Many homeowners aren’t able to pay when their fixed rates expire and monthly payments skyrocket.
Unconventional loans designed to give people a shot at home ownership appear to be coming back to haunt some Idahoans, industry experts say.
The number of Idaho homes in foreclosure during the first half of 2007 rose 21 percent to 1,418, compared with 1,174 during the same period a year ago.
The number of filings against those properties rose 91 percent from a year ago, according to RealtyTrac, an Irvine, Calif.-based company that monitors the nation’s foreclosure rate. That means many properties face multiple filings, which ordinarily means the owners are unable to stave off foreclosures by selling or refinancing.
In an unexpected twist, only 5 percent — or 70 out of 1,418 properties — in foreclosure during the first half of 2007 were actually repossessed by the lender. The national average for that same period was 25 percent, according to RealtyTrac statistics.
RealtyTrac Marketing Communications Manager Daren Blomquist said the small percentage that go back to the bank indicates that most Idahoans facing foreclosure have enough equity to sell or refinance.
Blomquist attributed rising foreclosures to runaway home appreciation rates that led many Idahoans to jump into the real estate market in hopes of making a financial killing. Many, however, had poor credit and had to resort to questionable financing methods just to pay for their new homes.
One unconventional short-term loan — the option adjustable rate mortgage — gives the consumer a choice of whether to make a payment as if the loan was a 30-year fixed rate or a 15-year fixed rate loan. He or she also could make an interest-only payment or the minimum payment required.
Other unusual forms of financing include loans that require no documentation or even proof of income. Like the option ARM, these loans also carry a fixed rate for a specified time. But when the loans adjust, the interest rate shoots upward, often putting the monthly payment beyond the homeowner’s ability to pay.
“A guy is making a $900 payment and all of a sudden it goes up to $1,400. He is not going to be able to make it,” said U.S. Bankruptcy Court Trustee Bernie Rakozy.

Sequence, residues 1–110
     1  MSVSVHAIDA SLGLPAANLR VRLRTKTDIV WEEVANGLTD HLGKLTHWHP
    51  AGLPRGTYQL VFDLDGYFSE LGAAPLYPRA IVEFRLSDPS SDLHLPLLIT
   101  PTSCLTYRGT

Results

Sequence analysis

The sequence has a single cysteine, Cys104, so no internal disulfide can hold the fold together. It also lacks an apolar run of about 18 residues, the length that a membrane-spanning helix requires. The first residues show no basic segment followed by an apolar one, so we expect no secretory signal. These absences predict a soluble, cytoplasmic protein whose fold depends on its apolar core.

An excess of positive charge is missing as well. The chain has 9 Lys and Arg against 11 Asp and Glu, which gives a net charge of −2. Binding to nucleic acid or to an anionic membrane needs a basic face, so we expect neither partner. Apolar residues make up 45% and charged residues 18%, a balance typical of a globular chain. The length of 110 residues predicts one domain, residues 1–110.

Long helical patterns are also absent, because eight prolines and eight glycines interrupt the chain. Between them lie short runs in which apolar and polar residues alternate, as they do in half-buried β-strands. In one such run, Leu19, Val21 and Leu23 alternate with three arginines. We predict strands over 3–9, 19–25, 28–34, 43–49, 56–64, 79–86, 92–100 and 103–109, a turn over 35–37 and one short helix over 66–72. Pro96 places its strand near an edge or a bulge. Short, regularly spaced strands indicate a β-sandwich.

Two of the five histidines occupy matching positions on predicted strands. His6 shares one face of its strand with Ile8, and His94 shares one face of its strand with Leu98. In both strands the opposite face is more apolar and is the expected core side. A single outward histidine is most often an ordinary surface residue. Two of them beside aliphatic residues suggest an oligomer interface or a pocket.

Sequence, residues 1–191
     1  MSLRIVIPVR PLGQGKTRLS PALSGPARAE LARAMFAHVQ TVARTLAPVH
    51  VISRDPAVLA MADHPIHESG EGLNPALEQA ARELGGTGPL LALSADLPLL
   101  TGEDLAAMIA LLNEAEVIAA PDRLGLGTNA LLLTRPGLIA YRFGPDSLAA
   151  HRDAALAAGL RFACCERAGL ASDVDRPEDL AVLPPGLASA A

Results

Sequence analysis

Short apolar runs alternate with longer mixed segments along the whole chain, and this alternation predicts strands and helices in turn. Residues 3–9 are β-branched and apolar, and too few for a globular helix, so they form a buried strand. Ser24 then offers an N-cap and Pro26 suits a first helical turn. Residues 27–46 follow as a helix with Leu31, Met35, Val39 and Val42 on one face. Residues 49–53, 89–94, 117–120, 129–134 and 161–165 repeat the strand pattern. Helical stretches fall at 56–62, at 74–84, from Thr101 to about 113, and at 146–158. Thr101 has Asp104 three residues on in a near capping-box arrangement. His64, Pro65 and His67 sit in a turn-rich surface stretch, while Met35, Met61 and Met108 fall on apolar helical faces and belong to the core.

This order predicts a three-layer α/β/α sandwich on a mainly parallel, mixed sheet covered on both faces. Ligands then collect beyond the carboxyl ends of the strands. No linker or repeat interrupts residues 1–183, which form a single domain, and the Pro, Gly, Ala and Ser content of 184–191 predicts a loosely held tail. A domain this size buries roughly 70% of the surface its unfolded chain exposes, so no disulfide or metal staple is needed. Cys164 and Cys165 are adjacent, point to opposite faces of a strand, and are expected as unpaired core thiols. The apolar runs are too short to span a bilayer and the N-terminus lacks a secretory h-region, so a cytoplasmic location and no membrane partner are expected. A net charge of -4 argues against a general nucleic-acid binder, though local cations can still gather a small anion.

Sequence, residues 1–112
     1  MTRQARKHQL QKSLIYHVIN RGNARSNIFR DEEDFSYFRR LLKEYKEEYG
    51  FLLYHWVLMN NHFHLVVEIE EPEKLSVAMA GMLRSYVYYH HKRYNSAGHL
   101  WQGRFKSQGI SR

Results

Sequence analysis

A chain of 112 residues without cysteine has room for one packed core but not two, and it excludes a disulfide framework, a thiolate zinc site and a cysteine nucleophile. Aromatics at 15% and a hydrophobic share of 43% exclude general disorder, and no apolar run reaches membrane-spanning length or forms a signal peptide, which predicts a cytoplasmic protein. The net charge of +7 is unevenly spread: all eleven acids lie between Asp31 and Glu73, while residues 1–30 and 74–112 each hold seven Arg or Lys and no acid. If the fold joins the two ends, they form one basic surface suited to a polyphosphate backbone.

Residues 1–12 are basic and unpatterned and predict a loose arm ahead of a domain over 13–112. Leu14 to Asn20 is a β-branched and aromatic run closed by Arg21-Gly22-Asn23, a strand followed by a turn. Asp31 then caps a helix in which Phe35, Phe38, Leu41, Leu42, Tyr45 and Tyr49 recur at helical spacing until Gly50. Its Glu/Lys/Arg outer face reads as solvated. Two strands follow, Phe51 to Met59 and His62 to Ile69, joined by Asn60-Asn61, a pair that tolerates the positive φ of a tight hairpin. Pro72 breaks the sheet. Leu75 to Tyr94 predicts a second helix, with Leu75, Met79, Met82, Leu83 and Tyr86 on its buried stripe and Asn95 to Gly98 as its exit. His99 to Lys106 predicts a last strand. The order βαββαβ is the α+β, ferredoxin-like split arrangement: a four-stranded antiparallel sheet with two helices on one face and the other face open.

Just like somebody in bankruptcy must undergo credit counseling before receiving a discharge of their debts, lenders should be required to explain in detail to the borrower the dangers of an adjustable rate mortgage, he said.
“It’s there in the fine print,” Rakozy said. “But by that time, they have you on the hook.”
As a result, organizations such as Debt Reduction Services, a locally based nonprofit debt counseling service, are seeing an increase in bankruptcy filings related to foreclosures.
One local attorney said that some foreclosures were the result of what is referred to as “flippers.” But these speculators try to take advantage of the market, hoping the house they bought with a 100 percent subprime loan would appreciate quickly and make them a 20 percent or 30 percent profit. For a time, that worked.
“Now that the gold rush market we were experiencing is over, these people are falling on their bottoms,” said Boise attorney Holger Uhl.
However, he said some homeowners also were victimized by unscrupulous lenders who knew they were putting a customer into a tenuous financial position.
“I don’t know how system-wide the problem is, but we are certainly hearing more about it,” he said.
Attorney Jake Peterson says most lenders will wait until the borrower is 90 days behind in his or her payment before moving to foreclosure. At that point, he recommends a Chapter 13 bankruptcy filing, in which a trustee is appointed to oversee the repayment of debts owed. The borrower then sets up a repayment plan designed to pay off that money.
“But he still has to keep making his regular monthly house payment,” Rakozy said.
Adds Peterson, “It’s a good deal for the lender, because they don’t want your house. If they try and sell it in this market, they’re going to lose money.” It’s a good deal for borrowers, too, because otherwise they’re likely to face foreclosure.